Issue No. 3, Winter 2012

Silent Reading
Rick Marlatt

A freshly sharpened pencil
is jabbed into an unsuspecting rib.
From the back row
something vulgar is uttered.

Wadded papers float
through the air like small clouds
above the mountains
of over-gelled heads.

And bad cologne collides
with multiple coatings of perfume
while an iPod aims its bass
right for my temples.

The only silence
is in the books themselves,
lying face down and closed
like cold and lonely vaults.

Below the fray of pushing,
shoving, and swearing,
Shakespeare is kicked across
the floor.

Judging by the position
of the bookmark,
Romeo has just discovered
something awful inside the tomb

and is about to make
the worst mistake of his life.
I realize, too,
that he has much in common

with the scholar three seats across
who snaps the bra strap
of the blonde in front of him
and squeals gleefully with laughter.

The beauty of youth
is you don’t know you’re young.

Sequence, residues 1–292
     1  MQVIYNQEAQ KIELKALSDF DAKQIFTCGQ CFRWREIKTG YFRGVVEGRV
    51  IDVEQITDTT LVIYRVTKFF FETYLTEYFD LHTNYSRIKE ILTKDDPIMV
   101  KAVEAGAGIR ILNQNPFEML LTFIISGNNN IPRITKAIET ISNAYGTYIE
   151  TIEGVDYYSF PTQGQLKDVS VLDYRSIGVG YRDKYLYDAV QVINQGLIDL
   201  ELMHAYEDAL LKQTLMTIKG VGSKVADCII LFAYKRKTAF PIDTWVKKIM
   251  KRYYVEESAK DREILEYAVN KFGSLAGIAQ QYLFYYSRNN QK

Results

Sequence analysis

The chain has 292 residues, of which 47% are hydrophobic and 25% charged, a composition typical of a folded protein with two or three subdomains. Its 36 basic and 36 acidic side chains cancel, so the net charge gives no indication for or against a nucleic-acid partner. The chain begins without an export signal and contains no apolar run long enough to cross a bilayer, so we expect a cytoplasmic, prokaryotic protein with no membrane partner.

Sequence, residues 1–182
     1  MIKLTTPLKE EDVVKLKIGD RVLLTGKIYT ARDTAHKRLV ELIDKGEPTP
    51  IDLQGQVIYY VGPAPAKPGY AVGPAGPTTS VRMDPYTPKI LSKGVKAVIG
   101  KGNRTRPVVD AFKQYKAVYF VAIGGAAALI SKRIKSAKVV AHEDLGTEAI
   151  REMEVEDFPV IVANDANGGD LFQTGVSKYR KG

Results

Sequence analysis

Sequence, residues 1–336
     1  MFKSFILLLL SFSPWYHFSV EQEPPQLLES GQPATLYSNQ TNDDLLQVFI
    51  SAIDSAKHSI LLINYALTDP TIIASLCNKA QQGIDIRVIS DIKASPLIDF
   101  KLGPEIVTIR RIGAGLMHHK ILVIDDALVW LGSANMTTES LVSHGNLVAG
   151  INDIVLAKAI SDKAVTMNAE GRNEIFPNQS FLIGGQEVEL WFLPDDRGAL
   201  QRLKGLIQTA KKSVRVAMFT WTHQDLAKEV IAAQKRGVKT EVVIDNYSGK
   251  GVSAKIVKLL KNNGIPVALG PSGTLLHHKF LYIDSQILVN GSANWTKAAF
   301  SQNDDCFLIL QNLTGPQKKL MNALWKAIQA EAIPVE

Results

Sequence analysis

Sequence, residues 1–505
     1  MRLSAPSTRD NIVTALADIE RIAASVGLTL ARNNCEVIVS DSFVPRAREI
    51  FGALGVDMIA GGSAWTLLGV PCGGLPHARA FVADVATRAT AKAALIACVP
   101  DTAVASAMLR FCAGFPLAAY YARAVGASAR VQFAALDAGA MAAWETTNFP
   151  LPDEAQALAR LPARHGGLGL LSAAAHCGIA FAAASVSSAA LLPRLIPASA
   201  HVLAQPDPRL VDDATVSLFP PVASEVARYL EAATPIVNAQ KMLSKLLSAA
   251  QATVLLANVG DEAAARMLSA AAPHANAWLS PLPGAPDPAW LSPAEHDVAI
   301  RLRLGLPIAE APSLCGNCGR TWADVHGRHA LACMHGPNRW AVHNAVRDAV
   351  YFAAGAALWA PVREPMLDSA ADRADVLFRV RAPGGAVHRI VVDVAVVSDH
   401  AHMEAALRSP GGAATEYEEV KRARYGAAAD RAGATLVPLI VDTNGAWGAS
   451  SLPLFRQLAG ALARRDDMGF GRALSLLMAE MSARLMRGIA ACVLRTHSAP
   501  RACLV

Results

And the beauty of passion
is you’re young enough to feel it.

Before I know it
I’ve ascended my desk
and am standing high above
the groundlings in the yard.

“Here’s to my love!” I holler.
And I slowly raise
the Charlie Brown coffee mug
to my lips.

My sip is well drawn out.
“O true apothecary!
Thy drugs are quick.
Thus with a kiss I die.”

What follows is nothing
short of miraculous.
The iPod takes a break to reshuffle.
Their lives kick back to neutral.

Their mouths hang open.
Their faces go soft,
their eyes glossed white with wonder.
Silent.


Rick Marlatt’s first book, How We Fall Apart, was the winner of the Seven Circle Press Poetry Award. Marlatt’s work has appeared widely in print and online publications including The Ratting Wall, New York Quarterly, and Rattle. Marlatt writes poetry reviews for Coldfront Magazine, and he teaches English in Nebraska, where he lives with his wife and their two sons.